The Media File that Could: Why Obtaining Full Copyright and Intellectual Property Ownership Matters

Your mother may have told you that sharing is caring, but sharing isn’t always caring when it comes to copyright and intellectual property law.

With the growing popularity of social media platforms, people are sharing images more than ever.

Unfortunately for the creators of the shared media files, few people understand that they are violating copyright law when they upload and post creative work without the authorization of the creator.

Sharing Isn’t Always Caring

One needs only log into Pinterest to find numerous copyrighted images that others have “pinned” or uploaded to the Pinterest website without permission from the image’s owner.

Innocent though it may seem, every time an image is shared without the creator’s permission, a blogger, artist, photographer or graphic designer loses credit for her work and possible income that she could have generated from that work.

This proliferation of copyright infringement can understandably leave a creative feeling a bit down and discouraged.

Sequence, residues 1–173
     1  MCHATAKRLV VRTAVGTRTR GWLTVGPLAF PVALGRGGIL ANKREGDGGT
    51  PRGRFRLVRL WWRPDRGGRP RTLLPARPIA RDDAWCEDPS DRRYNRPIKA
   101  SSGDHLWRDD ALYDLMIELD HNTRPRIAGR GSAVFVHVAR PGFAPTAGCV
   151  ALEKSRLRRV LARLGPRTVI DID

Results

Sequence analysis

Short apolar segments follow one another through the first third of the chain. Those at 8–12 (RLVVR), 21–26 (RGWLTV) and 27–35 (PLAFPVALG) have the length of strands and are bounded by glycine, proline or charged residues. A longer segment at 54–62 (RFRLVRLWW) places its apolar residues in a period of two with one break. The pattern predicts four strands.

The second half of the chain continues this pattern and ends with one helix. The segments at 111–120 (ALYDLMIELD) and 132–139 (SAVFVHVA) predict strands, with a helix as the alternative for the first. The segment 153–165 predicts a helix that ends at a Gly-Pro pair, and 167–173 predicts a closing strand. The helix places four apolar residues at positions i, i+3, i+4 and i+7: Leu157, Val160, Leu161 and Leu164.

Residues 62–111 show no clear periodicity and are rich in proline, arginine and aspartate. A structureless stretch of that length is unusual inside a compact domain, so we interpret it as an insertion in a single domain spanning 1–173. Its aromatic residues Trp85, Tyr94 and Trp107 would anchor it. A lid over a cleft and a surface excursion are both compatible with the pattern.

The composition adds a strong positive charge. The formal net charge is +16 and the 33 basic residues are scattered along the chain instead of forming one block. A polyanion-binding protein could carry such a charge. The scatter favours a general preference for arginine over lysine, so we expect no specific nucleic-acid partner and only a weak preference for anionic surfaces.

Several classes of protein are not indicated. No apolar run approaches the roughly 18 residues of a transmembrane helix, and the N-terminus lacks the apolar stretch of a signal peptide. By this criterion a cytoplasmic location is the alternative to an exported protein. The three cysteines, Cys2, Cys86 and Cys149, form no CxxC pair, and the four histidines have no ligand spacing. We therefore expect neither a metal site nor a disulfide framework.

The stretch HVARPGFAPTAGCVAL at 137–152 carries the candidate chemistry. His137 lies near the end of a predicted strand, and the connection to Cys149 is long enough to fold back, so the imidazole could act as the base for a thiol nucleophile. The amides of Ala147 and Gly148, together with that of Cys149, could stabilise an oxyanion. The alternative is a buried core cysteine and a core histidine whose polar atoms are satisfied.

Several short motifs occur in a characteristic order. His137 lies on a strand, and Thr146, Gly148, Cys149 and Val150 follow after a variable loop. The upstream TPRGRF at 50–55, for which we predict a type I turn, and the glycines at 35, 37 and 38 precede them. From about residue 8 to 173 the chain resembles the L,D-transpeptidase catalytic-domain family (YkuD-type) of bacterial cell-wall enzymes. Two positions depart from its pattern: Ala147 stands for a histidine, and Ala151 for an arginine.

After experiencing infringement of her work, a freelancer may even wonder whether she can continue to make a profit when her time and hard work easily become mute at the hands of copyright infringers.

After all, a creative can easily put in hours, if not weeks, of thought, work, and editing into a single creative work.

That photo, logo, or written content represents the freelancer’s professional image, work ethic, and indeed, livelihood. Nobody knows better than a freelancer that the widespread violation of an artist’s work equates to theft.

Creating the Media File that Could: How to Protect Your Work

Creatives may feel like they are constantly fighting an uphill battle against technology and social media. But all is not lost for freelancers. By taking extra precautions to gain full property rights, owners of creative works can turn a creative work from the media file that couldn’t into the media file that could.